Subject: Open Letter to Toronto Mayoral Candidates re. sustainable transportation
Date: May 18, 2023
City climate goals undermined by actions to encourage car use:
RideFair Coalition calling on Toronto’s Mayoral Candidates to revise City policy to encourage sustainable transportation, not greater car dependency
TransformTO, Toronto’s climate action plan, calls for 75% of school and work trips under 5 km to be walked, biked or on transit by 2030. Achieving this goal requires strong leadership, a clear plan and difficult choices. Unfortunately, under Mayor Tory, Toronto City Council undermined climate goals by de-regulating the taxi industry, removing emissions standards, and promoting private car use through ride-hailing services like Uber and Lyft. The City’s current transportation plan, MoveTO, and is more focused on moving existing motor traffic faster than on promoting more sustainable modes of transportation; its Vehicle-for-Hire Net Zero approach focuses only on fleet electrification without addressing increasing car dependency, congestion and road safety or driver precarity.
The RideFair Coalition is calling on Toronto’s Mayoral candidates to commit to ensuring that City policies reflect its climate goals and reduce car dependency by regulating ride-hailing apps like Uber and Lyft and promoting truly sustainable transportation alternatives.
Across North America, research has shown that under-regulated ride-hailing services like Uber and Lyft promote car ownership, add to traffic congestion, increase conflicts between cyclists and pedestrians and collision counts, convert public transit use into private car trips (clearly demonstrated in Toronto), and increase GHG emissions and air pollutants. Company commitments to electrify their fleets are no substitute for a comprehensive government-led decarbonization plan. On the one hand, Uber neither owns cars nor pays its drivers enough to afford EV leases. On the other, an unrestricted supply of Uber and Lyft cars ends up moving passengers out of publicly owned and funded transit into private cars and shifts fares away from public transit agencies and into the pocket of a tax-avoiding corporation and its shareholders.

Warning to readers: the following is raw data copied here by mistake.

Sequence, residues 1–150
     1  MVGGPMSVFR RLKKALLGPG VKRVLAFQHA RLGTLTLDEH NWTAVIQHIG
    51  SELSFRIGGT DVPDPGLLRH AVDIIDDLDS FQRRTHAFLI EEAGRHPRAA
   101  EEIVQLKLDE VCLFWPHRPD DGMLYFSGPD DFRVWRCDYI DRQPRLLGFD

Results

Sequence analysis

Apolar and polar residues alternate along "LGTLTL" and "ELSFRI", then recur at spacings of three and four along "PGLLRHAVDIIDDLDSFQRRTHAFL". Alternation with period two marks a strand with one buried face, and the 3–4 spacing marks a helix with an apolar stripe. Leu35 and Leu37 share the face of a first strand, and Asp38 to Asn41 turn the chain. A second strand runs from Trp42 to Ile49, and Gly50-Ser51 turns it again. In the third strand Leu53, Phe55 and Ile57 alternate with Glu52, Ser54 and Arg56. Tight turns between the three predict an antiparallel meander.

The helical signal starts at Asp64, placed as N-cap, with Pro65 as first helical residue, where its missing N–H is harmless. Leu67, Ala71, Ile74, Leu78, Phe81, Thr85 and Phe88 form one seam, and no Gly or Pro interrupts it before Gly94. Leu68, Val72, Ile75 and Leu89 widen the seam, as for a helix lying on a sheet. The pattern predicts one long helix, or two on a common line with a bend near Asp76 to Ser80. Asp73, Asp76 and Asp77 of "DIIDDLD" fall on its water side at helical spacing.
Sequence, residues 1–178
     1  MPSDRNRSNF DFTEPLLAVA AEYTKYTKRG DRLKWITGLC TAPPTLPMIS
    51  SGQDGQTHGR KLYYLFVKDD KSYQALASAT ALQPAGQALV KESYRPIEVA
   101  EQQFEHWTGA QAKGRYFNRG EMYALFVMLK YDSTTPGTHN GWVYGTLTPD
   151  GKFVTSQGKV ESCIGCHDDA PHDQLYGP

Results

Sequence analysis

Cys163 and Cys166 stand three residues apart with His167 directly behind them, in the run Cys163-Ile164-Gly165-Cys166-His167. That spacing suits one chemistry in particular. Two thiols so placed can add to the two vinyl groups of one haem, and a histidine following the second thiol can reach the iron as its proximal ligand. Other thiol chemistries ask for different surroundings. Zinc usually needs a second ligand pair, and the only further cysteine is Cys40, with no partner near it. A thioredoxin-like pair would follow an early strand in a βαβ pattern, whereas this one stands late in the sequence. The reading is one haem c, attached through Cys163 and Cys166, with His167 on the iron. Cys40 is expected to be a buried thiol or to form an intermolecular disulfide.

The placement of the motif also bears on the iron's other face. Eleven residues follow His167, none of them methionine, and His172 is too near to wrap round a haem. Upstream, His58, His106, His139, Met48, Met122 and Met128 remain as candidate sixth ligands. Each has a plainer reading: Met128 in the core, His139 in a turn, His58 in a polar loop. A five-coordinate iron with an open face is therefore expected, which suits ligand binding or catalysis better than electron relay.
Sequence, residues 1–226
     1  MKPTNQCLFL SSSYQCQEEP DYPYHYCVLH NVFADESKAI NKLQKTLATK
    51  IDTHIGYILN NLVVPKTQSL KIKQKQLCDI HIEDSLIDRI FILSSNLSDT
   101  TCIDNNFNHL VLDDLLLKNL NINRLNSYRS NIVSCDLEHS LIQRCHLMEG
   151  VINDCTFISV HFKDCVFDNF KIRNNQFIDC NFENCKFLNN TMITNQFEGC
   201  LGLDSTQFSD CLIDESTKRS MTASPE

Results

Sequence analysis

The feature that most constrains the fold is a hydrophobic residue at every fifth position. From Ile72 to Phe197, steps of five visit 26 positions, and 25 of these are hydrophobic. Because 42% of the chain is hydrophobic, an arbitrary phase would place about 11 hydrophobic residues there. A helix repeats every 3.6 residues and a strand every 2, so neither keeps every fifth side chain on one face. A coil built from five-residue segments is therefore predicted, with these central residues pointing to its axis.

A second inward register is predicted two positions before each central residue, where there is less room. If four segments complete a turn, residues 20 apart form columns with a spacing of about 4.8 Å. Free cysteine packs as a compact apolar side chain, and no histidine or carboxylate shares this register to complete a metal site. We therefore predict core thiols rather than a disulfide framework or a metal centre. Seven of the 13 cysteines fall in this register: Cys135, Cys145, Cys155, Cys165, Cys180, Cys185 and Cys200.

There are already too many cars on the road, but City policy is encouraging more people to drive. Before the pandemic, Toronto licensed close to 90,000 ride-share drivers, more than New York City despite only being a third the size. Drivers compete for business to such a degree that 50% of drivers’ time is spent driving without a passenger, unpaid, between trips. This inefficiency doesn’t help drivers earn an income or promote sustainable transportation. All it does is increase traffic, emissions, and conflicts among road users, which further demotivates Torontonians to cycle or walk even to a bus stop.
We know what a sustainable mobility system looks like. People need to be able to move freely and easily around the entire city, not just downtown, on public transit, with mobility devices, on bike or on foot. If we continue to help cars move faster and flood the streets with ride-hailing drivers, Toronto risks missing its climate targets, as well as opportunities to build safer streets and more accessible, sustainable and equitable communities.
An Uber-driven city is not a sustainable city. Under-regulated ride-hailing companies take us away from affordable and low-carbon modes of transportation and increase our reliance on precarious work and private cars.
Join us to call for a review of the City’s transportation plans, including the City’s demand management strategy and Vehicle-for-Hire emissions reduction strategy, to ensure that we prioritize modes of transportation that lead us away from car dependency. Without strong action, the current plan increases our reliance on private cars, including inefficient ride-hailing services like Uber and Lyft.